Richard Redett, M.D.
Barring ways to prevent these malformations in the first place, timely and appropriate treatment becomes critical, say experts from the Cleft & Craniofacial Clinic at Johns Hopkins Children’s Center, which treats more than 650 cleft patients each year.
The key to such success, the experts say, lies in prenatal diagnosis, early surgery and a carefully synchronized treatment by a team of specialists.
“Prompt surgery and treatment by a multi-disciplinary team can ensure normal appearance and function for nearly all babies born with cleft lip or palate,” says pediatric plastic and reconstructive surgeon Richard Redett, M.D., co-director of the cleft clinic at Hopkins Children’s.
Prenatal ultrasounds can pick up the majority of cases. Physicians should counsel parents on what to expect next as soon as the diagnosis is made and before the baby is born, Redett says. This will give parents time to prepare emotionally and allow physicians to devise an optimal treatment plan with the parents. Research has shown that early surgical repair ensures proper speech development. The optimal window for surgery is by 12 months of age, Redett says.
Early surgery provides a much-needed foundation for success, but it is not a silver bullet, he cautions. Post-surgical treatment is critical and should involve ear-nose-throat specialists, speech therapists, pediatric orthodontists and psychologists to best ensure a child’s normal development.
Cleft lip and cleft palate occur in the first trimester of pregnancy when the roof of the mouth fails to fuse properly and can be caused by either inherited or new genetic mutations.
A 2010 study led by researchers at Johns Hopkins including Redett identified two genes that may be responsible for the development of oral clefts. Their work in this area continues.
Hopkins experts offer the following tips to help prevent oral clefts:
- Women planning to become pregnant should take 400 micrograms of folic acid each day. The supplement reduces the risk of neural tube defects like spina bifida, and researchers believe it may also help reduce the risk of other birth defects, including oral clefts.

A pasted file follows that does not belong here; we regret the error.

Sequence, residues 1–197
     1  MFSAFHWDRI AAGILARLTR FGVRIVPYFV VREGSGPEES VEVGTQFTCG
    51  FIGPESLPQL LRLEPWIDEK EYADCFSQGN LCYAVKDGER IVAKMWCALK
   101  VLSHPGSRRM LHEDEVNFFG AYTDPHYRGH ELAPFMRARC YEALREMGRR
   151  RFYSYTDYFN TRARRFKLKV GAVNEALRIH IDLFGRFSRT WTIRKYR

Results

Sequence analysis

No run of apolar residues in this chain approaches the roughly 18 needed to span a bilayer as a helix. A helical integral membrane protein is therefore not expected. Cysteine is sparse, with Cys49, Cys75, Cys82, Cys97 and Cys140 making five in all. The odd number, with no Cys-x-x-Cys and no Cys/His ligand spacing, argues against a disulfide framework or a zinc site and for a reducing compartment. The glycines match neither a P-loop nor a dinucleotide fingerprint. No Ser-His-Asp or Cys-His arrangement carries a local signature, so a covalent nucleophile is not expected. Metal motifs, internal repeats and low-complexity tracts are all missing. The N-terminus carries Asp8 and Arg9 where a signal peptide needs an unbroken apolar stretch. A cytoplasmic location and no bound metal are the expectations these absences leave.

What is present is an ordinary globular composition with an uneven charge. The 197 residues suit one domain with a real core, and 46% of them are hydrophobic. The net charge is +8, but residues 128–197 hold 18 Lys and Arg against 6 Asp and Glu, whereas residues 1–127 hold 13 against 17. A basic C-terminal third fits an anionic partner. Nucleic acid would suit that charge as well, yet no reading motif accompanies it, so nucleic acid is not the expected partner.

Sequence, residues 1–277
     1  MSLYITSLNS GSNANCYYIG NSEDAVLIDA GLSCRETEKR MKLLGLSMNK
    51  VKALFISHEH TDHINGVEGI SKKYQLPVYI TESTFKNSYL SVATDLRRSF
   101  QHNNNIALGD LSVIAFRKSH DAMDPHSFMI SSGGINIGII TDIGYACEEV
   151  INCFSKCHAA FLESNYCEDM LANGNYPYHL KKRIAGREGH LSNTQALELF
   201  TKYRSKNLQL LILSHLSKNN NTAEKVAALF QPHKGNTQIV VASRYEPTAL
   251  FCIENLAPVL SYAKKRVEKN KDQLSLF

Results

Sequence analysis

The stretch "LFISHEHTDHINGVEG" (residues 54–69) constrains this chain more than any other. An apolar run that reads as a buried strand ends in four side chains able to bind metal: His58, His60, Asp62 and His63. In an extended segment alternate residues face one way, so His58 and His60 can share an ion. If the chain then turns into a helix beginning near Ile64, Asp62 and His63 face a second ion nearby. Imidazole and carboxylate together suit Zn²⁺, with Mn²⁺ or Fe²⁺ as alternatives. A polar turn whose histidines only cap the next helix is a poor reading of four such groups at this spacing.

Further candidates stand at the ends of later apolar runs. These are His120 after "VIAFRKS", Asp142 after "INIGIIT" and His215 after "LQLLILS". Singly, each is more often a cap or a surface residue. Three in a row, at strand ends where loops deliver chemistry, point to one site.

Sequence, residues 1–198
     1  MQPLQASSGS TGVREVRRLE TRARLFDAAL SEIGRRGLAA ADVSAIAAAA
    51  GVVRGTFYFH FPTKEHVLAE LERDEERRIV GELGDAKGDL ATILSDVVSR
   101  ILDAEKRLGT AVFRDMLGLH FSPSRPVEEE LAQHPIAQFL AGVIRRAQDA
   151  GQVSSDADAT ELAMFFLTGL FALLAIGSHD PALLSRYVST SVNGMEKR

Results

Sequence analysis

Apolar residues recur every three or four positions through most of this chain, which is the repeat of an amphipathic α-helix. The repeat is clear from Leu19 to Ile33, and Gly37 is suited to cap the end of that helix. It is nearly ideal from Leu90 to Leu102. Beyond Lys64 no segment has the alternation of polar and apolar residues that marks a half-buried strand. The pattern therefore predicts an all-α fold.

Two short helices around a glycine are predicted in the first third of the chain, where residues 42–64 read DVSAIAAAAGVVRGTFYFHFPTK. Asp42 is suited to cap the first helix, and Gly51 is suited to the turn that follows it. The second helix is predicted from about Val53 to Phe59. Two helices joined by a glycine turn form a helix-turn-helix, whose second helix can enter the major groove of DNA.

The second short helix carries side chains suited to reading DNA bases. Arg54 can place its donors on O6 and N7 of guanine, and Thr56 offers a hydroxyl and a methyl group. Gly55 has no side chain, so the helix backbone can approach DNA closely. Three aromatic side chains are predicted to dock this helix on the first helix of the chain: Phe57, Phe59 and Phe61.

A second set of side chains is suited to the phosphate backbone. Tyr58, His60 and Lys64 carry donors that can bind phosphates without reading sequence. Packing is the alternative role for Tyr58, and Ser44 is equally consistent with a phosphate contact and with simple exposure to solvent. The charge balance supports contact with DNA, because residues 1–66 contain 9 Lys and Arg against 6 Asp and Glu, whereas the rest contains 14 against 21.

- Pregnant women should not smoke and should avoid secondhand smoke.
- Pregnant women should tell their physicians about any prescription and over-the-counter medications they are taking because certain medicines can cause birth defects or increase the risk of birth defects.
- Discuss with your physician the need for a genetic workup if you have family members with cleft lip/cleft palate as these conditions tend to occur either as standalone disorders or as symptoms signaling a complex genetic syndrome that affects several organs and systems.
One in 940 babies is born with cleft lip with or without cleft palate, and one in 1,500 is born with cleft palate, according to the latest estimates from the Centers for Disease Control and Prevention.
Founded in 1912 as the children’s hospital of the Johns Hopkins Medical Institutions, the Johns Hopkins Children’s Center offers one of the most comprehensive pediatric medical programs in the country, with more than 92,000 patient visits and nearly 9,000 admissions each year. Hopkins Children’s is consistently ranked among the top children’s hospitals in the nation. Hopkins Children’s is Maryland’s largest children’s hospital and the only state-designated Trauma Service and Burn Unit for pediatric patients. It has recognized Centers of Excellence in dozens of pediatric subspecialties, including allergy, cardiology, cystic fibrosis, gastroenterology, nephrology, neurology, neurosurgery, oncology, pulmonary, and transplant. Hopkins Children’s will celebrate its 100th anniversary and move to a new home in 2012. For more information, please visit www.hopkinschildrens.org
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